I first went on a field trip to a farm in 3rdgrade and after bringing some back for my family to try, we haven’t touched the other stuff since. But what makes maple syrup so special and how is it different than the cheaper syrups you find in the store?
Maple syrup is derived from the sap of maple trees. If you’ve ever seen an image of a pail hanging from a nail in the side of a tree, then you’ve seen the early days of maple syrup harvesting. Today, we have more sophisticated systems, but the spirit is the same: tap into a tree and let the sap flow out into a container. Usually there are a series of hoses connected to a main sap collection barrel that is then brought to their sugar house.
The sap however, is not particularly sweet as it comes out of the tree. In the sugar house farmers boil down the sap to a sort of concentrate. This concentrate is what we know as maple syrup, and it takes about 40 gallons of maple sap to make 1 gallon of maple syrup. That’s why it's more expensive than the typical syrups in grocery stores. However, since maple syrup is sweeter and flows more easily, you end up using much less maple syrup than you would traditional syrup. Also, since you keep maple syrup refrigerated, warming it up in the microwave for 15 seconds before you serve it makes it an extra special treat.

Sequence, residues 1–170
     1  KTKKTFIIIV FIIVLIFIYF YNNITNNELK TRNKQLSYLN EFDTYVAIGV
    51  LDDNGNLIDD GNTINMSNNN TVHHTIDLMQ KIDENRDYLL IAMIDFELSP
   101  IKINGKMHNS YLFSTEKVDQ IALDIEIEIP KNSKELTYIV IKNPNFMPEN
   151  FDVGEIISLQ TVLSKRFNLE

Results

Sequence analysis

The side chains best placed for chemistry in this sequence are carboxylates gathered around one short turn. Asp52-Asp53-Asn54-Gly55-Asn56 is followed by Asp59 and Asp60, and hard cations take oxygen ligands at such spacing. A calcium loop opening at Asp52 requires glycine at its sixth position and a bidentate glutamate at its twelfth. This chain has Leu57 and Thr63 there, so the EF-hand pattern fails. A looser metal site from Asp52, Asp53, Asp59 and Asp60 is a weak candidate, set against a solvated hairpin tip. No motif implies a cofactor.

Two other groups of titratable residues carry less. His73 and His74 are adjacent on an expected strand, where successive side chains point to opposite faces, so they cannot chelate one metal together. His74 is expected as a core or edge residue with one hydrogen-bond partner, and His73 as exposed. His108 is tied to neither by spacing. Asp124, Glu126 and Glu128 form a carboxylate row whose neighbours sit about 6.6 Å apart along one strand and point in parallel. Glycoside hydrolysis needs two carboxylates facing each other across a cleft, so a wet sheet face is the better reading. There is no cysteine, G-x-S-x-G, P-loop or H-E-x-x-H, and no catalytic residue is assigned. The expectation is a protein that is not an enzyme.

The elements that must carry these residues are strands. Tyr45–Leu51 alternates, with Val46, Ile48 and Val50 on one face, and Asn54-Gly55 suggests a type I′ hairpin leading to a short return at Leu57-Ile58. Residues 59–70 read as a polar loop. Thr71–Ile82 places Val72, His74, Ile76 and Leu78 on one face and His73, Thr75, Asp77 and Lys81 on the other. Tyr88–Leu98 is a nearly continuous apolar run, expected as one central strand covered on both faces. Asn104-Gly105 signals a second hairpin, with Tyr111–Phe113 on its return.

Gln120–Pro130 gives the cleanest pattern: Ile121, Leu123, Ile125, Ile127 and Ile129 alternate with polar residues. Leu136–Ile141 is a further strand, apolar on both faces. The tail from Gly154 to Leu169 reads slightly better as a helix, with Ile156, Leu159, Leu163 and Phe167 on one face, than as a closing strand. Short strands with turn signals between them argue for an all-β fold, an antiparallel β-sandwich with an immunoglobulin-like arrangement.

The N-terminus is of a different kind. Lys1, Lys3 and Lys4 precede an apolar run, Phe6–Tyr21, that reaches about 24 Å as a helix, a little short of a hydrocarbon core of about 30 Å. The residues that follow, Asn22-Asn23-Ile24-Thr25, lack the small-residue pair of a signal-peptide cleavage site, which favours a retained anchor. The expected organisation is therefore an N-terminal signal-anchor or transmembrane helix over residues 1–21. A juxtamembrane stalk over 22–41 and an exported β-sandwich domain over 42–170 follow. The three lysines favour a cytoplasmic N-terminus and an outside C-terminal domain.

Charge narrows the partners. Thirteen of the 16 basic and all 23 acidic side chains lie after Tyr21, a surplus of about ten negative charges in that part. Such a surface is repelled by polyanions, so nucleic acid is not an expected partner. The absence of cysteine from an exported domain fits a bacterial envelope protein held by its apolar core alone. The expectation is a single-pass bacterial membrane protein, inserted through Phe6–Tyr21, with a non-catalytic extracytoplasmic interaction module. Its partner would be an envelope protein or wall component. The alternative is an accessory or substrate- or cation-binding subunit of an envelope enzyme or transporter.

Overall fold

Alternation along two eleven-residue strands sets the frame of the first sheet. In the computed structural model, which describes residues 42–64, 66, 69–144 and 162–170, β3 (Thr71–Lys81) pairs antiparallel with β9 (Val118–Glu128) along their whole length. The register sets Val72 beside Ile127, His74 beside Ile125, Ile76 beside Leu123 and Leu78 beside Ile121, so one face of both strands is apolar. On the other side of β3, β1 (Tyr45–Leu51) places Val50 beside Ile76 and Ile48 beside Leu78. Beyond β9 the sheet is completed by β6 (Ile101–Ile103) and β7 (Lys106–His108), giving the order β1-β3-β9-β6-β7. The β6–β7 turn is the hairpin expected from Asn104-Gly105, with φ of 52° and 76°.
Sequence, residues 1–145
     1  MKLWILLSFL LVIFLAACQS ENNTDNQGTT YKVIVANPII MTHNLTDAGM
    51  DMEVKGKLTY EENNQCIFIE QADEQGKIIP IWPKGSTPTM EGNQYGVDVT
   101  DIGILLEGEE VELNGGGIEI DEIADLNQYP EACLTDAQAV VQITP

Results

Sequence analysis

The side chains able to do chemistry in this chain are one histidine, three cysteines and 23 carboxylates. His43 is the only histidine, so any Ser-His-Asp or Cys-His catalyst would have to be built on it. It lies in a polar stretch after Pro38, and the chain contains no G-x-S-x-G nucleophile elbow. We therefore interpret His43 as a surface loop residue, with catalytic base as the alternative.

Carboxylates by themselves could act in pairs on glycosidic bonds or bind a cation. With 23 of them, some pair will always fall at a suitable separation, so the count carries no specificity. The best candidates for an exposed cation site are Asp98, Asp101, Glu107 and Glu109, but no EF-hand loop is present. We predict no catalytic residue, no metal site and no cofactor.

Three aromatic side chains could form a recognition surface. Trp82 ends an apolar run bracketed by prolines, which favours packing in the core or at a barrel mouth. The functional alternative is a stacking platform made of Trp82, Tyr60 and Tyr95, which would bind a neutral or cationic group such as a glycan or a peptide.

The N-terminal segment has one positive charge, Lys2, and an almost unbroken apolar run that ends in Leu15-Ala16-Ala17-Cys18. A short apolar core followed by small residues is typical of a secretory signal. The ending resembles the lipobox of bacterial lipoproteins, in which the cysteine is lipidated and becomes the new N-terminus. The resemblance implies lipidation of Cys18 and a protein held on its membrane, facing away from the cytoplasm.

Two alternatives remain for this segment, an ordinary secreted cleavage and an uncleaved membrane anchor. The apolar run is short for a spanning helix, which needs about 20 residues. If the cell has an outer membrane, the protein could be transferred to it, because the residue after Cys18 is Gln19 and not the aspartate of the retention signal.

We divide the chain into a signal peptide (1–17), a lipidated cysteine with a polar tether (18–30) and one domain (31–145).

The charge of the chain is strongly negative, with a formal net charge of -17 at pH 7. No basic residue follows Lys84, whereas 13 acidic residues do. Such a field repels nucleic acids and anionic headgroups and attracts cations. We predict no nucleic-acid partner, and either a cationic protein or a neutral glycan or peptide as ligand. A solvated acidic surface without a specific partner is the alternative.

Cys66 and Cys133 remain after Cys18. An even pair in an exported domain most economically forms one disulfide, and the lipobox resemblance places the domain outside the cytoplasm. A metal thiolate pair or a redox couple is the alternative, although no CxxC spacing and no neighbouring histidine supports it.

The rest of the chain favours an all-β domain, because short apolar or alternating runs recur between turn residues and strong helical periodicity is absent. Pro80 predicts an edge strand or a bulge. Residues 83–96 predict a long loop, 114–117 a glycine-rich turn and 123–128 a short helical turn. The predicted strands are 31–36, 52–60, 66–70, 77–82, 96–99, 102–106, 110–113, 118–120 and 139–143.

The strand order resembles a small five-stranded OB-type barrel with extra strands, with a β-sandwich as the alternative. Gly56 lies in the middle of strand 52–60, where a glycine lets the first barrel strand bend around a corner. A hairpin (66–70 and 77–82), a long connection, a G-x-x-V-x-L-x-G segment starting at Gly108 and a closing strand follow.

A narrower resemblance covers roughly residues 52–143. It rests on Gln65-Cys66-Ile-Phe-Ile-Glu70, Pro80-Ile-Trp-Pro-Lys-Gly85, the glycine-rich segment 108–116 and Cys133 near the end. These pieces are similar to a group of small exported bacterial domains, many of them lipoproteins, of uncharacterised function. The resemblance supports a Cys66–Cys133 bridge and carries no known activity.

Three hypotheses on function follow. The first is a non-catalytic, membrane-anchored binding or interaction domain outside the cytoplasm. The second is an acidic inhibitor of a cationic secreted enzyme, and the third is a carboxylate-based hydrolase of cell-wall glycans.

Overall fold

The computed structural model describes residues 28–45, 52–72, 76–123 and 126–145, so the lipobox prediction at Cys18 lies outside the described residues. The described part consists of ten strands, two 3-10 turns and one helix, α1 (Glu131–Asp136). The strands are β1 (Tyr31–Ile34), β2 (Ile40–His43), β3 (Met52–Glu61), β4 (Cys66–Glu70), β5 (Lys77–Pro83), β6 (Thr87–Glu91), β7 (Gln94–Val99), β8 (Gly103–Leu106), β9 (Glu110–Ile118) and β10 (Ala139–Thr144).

As with most food items, the cheaper processed foods are usually cheaper for a reason. The ‘other’ syrups you find in the store might say maple on them, but they usually only contain a few percent maple syrup, and the rest is corn syrup. In reality, they taste nothing like maple syrup and you usually end up dousing your food with syrup just to coat everything.
If you’ve never tried maple syrup before, I strongly suggest you get a small bottle and give it a shot. Most grocery stores and specialty shops have a variety of grades and sizes of maple syrup, so just pick one and see what you like. It’s not necessary to get overly complex, even the worst maple syrup is worlds better than the other stuff.